I am so lucky to work in a community where the partnerships between businesses and schools are tangible.  You can see it all around with corporate sponsorship at foundation events, business food donations to Teacher Professional Development days and students job shadowing and interning throughout the school year and summer, to name a few.

So how can your company, big or small bridge the gap from school to work?

Well there is a need for sure. Business and nonprofit partnerships in public schools enable students to explore authentic career opportunities and expand their horizons. 

To build this relationship you can be part of the following three things.

  1. Go into the classroom and share your story and mentor.

It is so important to invite business leaders into the classroom to help create curriculum that students can complete while be mentored by experts in the field.  Long gone are the days where a speaker would just come in and lecture about their sphere of expertise.  Now we create opportunities for students to apply what they learn and get instant feedback from a business leader.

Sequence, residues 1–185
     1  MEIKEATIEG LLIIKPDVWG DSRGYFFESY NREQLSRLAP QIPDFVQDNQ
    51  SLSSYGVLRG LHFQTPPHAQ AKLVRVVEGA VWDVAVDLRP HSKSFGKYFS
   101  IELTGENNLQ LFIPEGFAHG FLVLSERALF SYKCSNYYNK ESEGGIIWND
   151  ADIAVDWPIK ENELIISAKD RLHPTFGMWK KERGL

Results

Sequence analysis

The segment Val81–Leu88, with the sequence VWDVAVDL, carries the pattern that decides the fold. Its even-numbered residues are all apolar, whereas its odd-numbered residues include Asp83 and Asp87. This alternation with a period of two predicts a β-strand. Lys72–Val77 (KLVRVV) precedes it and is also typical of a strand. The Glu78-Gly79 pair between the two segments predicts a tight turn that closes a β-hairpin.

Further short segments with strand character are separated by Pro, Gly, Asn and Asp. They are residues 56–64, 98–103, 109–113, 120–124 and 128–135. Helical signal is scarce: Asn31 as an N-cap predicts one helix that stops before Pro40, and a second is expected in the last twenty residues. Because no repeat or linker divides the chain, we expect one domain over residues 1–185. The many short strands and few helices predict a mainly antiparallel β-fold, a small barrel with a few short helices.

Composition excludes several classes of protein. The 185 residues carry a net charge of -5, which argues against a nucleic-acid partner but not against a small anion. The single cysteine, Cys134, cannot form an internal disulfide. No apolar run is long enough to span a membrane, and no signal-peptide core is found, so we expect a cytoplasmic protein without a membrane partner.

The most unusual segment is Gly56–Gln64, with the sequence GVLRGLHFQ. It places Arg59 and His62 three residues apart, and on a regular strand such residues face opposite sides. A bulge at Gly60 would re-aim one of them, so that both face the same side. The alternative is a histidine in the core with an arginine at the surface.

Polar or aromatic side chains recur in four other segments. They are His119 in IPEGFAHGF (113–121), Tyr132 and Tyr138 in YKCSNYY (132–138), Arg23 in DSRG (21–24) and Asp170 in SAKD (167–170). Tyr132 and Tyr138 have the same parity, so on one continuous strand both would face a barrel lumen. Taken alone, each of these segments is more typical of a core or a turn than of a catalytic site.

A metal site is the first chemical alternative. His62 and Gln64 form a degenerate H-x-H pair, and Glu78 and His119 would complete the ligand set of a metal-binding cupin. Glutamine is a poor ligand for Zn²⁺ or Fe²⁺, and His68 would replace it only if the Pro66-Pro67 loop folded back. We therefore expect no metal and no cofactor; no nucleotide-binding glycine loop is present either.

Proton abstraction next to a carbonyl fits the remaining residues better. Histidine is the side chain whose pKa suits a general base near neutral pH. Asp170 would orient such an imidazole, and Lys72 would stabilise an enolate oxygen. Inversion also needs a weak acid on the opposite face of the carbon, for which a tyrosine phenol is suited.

• Regular Business Advisory Meetings.  Our partnerships are fluid because we continue to upgrade and change our curriculum to keep pace with what industry needs.  This regular conversation helps us develop students that have the necessary employability skills, soft skills and technical skills that our community needs to fill high wage, high yield jobs. At these meetings wants and wishes can be granted by telling the business community what labor, money and resources, a school needs, to develop our students. 
  •  Offering job shadows, internships and co-op’s.  The final point in this trifecta is getting our students out into the “real” world of business and nonprofit.  Our children have a very narrow mind about the world of work and therefore it needs to be every districts charge to get every child out on an authentic career experience before they graduate.  Through the chamber of commerce, local government and the downtown development authority this task can be a reality. 

By embedding these partnerships a reciprocal relationship occurs, stimulating our economy and making schools stronger. Get in touch with your local school district today!

Building Your Personal Brand

What does THAT mean?